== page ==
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NASA's Orion Launches First Flight Test

NASA's Orion is set to launch again in 2018.

Helping NASA go where no man has gone before

Orion exploration vehicle blasts off with America's Brightest Orange

 

NASA’s Orion Multi-Purpose Crew Vehicle launched its first flight test to analyze the spacecraft’s safety features while passing through the Van Allen Radiation Belt on December 5, 2014.

An Oklahoma State University flag was on board for the trip.

OSU alumni Razvan and Ramona Gaza played an extensive role in the creation and safe journey for Orion, a next-generation spacecraft designed to transport humans to interplanetary destinations and bring them home safely. OSU faculty and students helped with the project.

The Gazas, both research engineers who live in Houston, work for Lockheed Martin, the prime contractor collaborating with NASA’s Johnson Space Center to develop Orion.

In 2004, the Gazas earned their doctorate degrees in physics from OSU, both completing their studies under the leadership of Stephen McKeever, Regents Professor of Physics.

Dr. Razvan Gaza is a member of the Lockheed Martin Orion team and the technical lead of the LM Radiation Group, whose work centers on ensuring sufficient radiation protection within Orion. In 2011, he began characterizing and helping mitigate ionizing radiation effects on the spacecraft’s electronic components. He installed the capsule’s radiation area monitors, prepared by his wife, which allow for real-time measurement of radiation levels. One of the major risks of long-duration space exploration is the danger posed by radiation.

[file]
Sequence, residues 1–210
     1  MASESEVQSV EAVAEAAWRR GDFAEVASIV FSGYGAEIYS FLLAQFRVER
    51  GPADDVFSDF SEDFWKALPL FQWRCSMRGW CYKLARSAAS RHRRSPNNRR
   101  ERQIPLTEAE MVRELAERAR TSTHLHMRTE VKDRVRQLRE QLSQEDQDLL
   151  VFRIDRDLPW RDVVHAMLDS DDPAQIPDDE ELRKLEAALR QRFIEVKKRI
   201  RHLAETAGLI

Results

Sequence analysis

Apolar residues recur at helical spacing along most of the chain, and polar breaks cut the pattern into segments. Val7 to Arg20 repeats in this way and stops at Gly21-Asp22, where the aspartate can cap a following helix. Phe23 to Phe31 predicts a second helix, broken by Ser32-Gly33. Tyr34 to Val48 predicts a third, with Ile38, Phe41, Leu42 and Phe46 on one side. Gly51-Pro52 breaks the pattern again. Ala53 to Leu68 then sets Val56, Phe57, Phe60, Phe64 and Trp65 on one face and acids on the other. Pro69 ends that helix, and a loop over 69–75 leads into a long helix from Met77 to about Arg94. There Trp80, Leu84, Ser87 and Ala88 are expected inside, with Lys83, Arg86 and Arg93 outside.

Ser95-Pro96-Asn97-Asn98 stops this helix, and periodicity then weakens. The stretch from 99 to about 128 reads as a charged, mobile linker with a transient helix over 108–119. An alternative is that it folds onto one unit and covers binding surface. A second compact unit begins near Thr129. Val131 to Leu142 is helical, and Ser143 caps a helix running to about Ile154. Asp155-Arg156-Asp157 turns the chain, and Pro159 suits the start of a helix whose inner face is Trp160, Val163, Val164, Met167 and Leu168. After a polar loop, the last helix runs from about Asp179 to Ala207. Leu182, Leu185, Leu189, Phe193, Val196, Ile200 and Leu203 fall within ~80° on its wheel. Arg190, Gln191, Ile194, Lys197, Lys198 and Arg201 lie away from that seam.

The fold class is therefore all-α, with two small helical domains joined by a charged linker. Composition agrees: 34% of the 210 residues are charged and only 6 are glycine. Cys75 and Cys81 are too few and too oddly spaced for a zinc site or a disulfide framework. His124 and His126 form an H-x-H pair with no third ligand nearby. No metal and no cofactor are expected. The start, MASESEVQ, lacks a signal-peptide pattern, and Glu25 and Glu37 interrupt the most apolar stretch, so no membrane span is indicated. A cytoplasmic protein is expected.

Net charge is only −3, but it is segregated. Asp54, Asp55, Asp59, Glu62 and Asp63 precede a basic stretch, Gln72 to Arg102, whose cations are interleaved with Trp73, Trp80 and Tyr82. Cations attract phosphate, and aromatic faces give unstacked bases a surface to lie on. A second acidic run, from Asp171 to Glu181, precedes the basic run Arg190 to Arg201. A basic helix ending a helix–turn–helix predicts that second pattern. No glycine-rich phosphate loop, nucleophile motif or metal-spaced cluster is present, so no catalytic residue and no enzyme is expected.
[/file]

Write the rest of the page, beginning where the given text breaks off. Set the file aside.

Deep space radiation can seriously harm astronauts and damage critical equipment. With radiation engineering being a fairly new discipline, Razvan says he learns something new every day.

“I perform testing of electronic components used on board Orion to characterize their susceptibility to radiation effects,” he says. “From the test results, I calculate probabilities of radiation effects in the space environment and help the circuit designers assess and minimize radiation impacts. In addition, radiation protection for the astronauts will be essential for future Orion manned flights. I help optimize the spacecraft design to provide adequate shielding to the crew and minimize risk of detrimental health effects.”